5.2. Method of Processing

Processing methods can also impact food GI values. Highly processed carbohydrates tend to have higher GI values (Table 1). In general, potatoes and corn chips have higher GI values than many of minimally processed starchy vegetable foods [21]. Potatoes processed for French fries tend to have a higher GI compared to potatoes processed for chips. The difference between the GI values of chips and fries is associated with the availability of RS. The mealiness of the French fries is a major contributor to the increased GI in contrast to chips. Additionally, roasting or baking certain foods result in higher GI than boiling [22].

5.3. Resistant Starches

Resistant starches are not digested in the small intestine, but rather are fermented in the large intestine, where they play a role similar to dietary fiber and induce a lower GI response [19]. Generally, foods containing more amylose are more resistant to digestion. There are five major types of resistant starches, which elicit varying degrees of GI response. The major types are RS-I to RS-V. RS-II is predominant in uncooked potatoes. Processing and cooking increase the digestibility of RS-II. Environment, biotechnology, and natural mutations can affect the starch structure and its chemical properties that influence resistance to digestion [11]. We found that there is variability among the cultivars for resistant starch, and the baked tubers have low amounts of resistant starch when compared to the raw tubers (Table 2). This suggest that baking potatoes lowers the amount of RS; thus, research on which methods of cooking reduce RS the least, and their effect on RS-II, may be future areas for exploration.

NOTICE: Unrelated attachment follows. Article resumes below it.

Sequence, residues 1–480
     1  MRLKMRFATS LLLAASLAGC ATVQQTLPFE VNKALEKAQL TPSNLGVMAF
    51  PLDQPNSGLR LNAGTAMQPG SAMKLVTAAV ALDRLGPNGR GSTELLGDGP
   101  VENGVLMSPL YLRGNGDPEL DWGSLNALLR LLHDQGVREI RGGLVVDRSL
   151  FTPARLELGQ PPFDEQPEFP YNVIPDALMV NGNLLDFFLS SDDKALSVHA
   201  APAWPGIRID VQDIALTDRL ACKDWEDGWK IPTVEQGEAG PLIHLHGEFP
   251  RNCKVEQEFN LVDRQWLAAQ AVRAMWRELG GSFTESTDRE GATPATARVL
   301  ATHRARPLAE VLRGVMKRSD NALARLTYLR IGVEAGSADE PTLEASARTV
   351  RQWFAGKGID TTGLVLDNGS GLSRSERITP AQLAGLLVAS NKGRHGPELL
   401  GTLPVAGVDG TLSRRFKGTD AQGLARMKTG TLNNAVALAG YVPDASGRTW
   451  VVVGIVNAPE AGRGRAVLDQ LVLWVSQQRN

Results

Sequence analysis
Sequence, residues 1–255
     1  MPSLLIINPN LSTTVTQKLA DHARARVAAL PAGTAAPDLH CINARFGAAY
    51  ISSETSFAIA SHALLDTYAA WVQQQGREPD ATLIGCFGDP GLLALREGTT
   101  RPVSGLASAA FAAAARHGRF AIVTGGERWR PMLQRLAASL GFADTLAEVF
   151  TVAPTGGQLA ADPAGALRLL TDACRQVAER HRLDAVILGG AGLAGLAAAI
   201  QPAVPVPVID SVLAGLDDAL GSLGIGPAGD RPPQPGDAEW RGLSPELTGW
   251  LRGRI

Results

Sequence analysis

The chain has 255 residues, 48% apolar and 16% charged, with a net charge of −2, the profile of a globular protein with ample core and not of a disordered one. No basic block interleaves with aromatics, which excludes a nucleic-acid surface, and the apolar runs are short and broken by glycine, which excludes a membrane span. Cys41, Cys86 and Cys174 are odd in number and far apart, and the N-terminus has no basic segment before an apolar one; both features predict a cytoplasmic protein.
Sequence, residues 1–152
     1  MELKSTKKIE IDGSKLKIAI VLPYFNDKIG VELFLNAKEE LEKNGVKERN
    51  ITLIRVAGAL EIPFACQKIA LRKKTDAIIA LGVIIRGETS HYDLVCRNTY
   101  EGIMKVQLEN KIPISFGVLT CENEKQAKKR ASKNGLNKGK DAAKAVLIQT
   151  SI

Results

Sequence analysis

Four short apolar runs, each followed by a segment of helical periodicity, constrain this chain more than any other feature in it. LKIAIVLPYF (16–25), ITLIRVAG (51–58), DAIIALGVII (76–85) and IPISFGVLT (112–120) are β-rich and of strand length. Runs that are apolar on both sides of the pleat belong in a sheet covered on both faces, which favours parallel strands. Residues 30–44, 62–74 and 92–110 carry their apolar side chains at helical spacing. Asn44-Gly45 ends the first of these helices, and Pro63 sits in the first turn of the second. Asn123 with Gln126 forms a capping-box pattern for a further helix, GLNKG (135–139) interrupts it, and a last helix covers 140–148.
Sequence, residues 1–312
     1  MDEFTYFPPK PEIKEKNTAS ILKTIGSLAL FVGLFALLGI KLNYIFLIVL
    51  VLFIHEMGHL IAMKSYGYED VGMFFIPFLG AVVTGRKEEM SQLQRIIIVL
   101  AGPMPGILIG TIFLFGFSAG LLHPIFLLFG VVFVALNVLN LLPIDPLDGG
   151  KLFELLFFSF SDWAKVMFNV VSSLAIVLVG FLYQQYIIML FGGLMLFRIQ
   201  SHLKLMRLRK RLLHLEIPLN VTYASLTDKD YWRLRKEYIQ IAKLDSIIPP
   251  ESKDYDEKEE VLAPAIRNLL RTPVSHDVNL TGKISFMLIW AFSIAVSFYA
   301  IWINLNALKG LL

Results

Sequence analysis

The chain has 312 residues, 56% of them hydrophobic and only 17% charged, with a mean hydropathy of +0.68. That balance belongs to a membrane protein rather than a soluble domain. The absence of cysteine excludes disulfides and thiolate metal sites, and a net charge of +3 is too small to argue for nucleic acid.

5.4. Cultivation Methods